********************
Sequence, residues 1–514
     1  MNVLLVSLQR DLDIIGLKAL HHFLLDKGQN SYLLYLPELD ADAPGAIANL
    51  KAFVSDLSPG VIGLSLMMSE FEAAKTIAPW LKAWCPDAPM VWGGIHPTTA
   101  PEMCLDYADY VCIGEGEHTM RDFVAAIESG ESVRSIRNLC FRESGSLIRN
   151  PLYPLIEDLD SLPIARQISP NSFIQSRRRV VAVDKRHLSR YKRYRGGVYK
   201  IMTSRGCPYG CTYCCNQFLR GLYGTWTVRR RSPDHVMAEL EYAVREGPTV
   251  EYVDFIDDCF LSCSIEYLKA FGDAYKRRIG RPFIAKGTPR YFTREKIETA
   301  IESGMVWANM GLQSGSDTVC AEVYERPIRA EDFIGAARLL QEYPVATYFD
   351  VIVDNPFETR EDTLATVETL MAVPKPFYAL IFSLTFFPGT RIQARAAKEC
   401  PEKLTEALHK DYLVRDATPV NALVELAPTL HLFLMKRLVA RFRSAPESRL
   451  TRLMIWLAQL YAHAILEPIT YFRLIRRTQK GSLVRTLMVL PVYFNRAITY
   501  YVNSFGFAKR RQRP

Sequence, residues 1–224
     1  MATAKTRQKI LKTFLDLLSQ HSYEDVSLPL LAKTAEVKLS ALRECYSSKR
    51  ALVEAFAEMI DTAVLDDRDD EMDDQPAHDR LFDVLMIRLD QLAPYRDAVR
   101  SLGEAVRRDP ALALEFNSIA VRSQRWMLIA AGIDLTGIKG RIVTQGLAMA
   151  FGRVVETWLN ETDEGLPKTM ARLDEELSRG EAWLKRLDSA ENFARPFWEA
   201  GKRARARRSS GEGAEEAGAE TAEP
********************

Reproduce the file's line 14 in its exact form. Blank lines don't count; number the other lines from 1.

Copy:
     1  MATAKTRQKI LKTFLDLLSQ HSYEDVSLPL LAKTAEVKLS ALRECYSSKR